This Week In History News, Nov. 10 – 16

Published November 15, 2019

Prehistoric beetle found preserved in amber, century-old booze recovered from shipwreck, mammoth skeletons discovered in human-made traps.

This Fossilized Beetle May Have Been One Of The First Insects To Pollinate — 99 Million Years Ago

Angimordella Burmitina

David Dilcher et alAngimordella burmitina is a newly discovered ancient beetle species, found trapped inside fossilized amber.

While the significance of pollination — and pollinating insects — has become common knowledge, scientists have long struggled to estimate when the phenomenon of pollination first began on Earth. A popular guess used to be about 49 million years ago.

But scientists have found recent evidence that suggests pollination of plants on Earth began much earlier than that. An international team of researchers from China and the United States uncovered a prehistoric beetle specimen trapped inside amber, and on that specimen were tiny specs of pollen.

See more here.

Divers Just Saved 900 Bottles Of 100-Year-Old Booze From A World War I Shipwreck

Ocean X Divers With Kyros Bottles

Ocean XThe cargo was retrieved from the Baltic Sea between Sweden and Finland.

The Swedish dive team Ocean X just recovered 900 bottles of century-old cognac and liqueur from the bottom of the Baltic Sea. The ship carrying this luxurious cargo was sunk by a German U-boat in 1917, leaving its contents lost in the ocean for more than 100 years.

This shipment was originally intended for Russia’s aristocracy — perhaps even for Czar Nicholas II. It was only a year later that he was executed by the Communist government.

The 15 salvaged cases of the herbal liqueur Benedictine and 50 cases of cognac brandy may still be drinkable today. The cold, shadowy waters of the Baltic provide surprisingly good conditions for preserving spirits. Further testing and analysis will soon be underway to confirm this theory.

Dig deeper in this report.

Woolly Mammoth Skeletons Discovered Inside 15,000-Year-Old Human-Built Traps In Mexico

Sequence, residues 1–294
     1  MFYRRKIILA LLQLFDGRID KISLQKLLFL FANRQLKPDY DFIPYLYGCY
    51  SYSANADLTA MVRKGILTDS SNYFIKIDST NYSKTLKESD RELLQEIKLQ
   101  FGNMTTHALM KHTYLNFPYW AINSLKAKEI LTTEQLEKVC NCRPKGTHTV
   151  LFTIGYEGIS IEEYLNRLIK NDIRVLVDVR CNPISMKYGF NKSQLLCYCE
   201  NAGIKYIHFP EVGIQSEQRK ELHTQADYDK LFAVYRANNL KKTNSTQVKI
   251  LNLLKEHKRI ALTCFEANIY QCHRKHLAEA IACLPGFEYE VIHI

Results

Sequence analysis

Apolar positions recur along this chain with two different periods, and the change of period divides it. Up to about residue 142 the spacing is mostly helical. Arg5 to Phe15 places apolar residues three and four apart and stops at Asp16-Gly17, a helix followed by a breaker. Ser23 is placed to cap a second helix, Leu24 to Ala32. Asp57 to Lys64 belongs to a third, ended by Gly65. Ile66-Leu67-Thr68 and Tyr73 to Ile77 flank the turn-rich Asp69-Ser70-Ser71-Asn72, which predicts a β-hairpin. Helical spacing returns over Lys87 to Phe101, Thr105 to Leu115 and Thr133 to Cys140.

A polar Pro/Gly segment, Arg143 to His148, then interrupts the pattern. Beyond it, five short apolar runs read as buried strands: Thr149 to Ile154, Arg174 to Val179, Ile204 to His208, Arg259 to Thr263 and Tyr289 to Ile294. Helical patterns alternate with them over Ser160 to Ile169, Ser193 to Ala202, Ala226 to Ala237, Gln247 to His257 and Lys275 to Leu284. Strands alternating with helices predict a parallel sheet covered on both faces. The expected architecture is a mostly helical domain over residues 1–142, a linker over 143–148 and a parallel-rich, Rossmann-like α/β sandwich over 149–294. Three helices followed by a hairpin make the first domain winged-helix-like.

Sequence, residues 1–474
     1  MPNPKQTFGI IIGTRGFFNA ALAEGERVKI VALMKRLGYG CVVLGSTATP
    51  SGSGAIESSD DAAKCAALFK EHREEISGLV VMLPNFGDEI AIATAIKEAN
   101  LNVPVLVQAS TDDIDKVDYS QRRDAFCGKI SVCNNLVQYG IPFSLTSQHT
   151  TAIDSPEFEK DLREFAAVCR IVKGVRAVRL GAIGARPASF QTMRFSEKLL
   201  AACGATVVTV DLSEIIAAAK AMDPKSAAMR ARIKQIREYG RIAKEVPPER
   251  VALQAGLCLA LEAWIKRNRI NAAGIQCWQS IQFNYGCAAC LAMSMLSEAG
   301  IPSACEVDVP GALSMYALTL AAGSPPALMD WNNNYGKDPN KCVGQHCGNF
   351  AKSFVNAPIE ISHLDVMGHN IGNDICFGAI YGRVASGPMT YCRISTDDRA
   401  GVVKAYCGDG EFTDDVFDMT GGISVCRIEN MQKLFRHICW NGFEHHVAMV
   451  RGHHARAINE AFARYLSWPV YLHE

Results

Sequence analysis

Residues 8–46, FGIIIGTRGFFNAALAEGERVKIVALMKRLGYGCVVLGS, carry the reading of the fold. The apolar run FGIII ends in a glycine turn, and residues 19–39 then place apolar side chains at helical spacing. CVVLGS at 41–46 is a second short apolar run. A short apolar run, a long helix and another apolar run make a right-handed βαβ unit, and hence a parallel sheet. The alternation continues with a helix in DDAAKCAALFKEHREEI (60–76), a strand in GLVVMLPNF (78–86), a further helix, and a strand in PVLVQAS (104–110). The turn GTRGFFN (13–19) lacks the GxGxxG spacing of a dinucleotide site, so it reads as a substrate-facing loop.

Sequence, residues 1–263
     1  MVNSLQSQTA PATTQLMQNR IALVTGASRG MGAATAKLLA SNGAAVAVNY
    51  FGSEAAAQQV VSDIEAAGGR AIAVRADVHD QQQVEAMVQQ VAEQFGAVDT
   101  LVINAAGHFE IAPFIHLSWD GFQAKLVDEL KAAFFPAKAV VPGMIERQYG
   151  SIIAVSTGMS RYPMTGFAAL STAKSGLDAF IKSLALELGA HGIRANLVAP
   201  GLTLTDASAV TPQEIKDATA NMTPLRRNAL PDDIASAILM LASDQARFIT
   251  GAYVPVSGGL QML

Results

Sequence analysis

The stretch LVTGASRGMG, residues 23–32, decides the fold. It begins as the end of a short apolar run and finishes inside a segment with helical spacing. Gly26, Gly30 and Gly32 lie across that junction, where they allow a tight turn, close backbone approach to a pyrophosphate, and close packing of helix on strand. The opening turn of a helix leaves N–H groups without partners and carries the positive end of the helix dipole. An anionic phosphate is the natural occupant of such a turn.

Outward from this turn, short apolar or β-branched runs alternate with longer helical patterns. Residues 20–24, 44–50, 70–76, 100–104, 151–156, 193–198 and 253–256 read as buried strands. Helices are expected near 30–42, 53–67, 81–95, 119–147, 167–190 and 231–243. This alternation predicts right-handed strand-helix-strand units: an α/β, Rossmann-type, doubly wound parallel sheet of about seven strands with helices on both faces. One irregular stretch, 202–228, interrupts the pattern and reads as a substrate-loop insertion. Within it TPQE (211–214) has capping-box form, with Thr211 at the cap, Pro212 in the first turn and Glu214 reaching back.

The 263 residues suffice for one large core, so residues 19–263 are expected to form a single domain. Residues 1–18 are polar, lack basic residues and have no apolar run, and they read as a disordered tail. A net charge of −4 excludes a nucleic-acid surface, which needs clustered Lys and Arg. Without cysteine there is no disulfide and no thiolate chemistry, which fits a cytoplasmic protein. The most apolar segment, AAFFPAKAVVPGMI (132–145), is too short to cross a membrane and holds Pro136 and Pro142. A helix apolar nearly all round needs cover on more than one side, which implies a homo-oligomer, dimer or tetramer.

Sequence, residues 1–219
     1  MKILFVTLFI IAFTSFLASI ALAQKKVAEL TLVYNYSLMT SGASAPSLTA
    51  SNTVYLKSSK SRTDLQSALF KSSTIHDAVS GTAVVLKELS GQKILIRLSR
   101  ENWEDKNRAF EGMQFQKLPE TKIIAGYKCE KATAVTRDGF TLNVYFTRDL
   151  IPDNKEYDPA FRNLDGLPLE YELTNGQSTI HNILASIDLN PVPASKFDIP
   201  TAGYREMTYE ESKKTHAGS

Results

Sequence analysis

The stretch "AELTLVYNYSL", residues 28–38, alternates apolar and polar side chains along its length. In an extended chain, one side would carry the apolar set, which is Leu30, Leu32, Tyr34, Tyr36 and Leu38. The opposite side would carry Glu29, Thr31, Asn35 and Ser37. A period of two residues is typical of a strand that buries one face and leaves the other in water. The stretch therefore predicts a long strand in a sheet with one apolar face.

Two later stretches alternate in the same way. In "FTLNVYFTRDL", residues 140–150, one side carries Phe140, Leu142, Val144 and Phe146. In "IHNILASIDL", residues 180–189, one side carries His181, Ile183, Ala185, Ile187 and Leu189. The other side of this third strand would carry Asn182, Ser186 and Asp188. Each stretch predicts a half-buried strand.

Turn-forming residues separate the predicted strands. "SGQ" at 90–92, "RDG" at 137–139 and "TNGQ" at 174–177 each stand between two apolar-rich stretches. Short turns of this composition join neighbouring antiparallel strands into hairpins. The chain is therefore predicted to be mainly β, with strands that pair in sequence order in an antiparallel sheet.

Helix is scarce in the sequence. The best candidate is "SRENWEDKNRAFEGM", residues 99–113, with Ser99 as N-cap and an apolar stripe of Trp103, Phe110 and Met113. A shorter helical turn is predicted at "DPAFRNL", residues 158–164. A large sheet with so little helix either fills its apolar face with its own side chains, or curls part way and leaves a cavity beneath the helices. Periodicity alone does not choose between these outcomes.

Woolly Mammoth Skeleton

Mexico’s National Institute of Anthropology and HistoryThese colossal remains were discovered in pits that measured about 82 feet in diameter.

Officials in Tultepec outside Mexico City say the first woolly mammoth traps built by humans have been discovered. These 15,000-year-old contraptions held the remains of at least 14 mammoths — including 800 bones — making this quite a remarkable find.

Researchers believe the early hunters who built these traps may have used torches and branches to herd the animals into the pits, which were about five feet and six inches deep. The trenches, measuring 82 feet in diameter, have been undergoing thorough excavation for the last 10 months.

Archaeologists previously assumed that early humans only killed mammoths if the animals were injured or trapped. Diego Prieto Hernández, the director of Mexico’s National Institute of Anthropology and History (INAH), said this discovery challenges that belief — suggesting some hunts were planned.

Read on here.

All That's Interesting
Established in 2010, All That's Interesting brings together a dedicated staff of digital publishing veterans and subject-level experts in history, true crime, and science. From the lesser-known byways of human history to the uncharted corners of the world, we seek out stories that bring our past, present, and future to life. Privately-owned since its founding, All That's Interesting maintains a commitment to unbiased reporting while taking great care in fact-checking and research to ensure that we meet the highest standards of accuracy.
John Kuroski
John Kuroski is the editorial director of All That's Interesting. He graduated from New York University with a degree in history, earning a place in the Phi Alpha Theta honor society for history students. An editor at All That's Interesting since 2015, his areas of interest include modern history and true crime.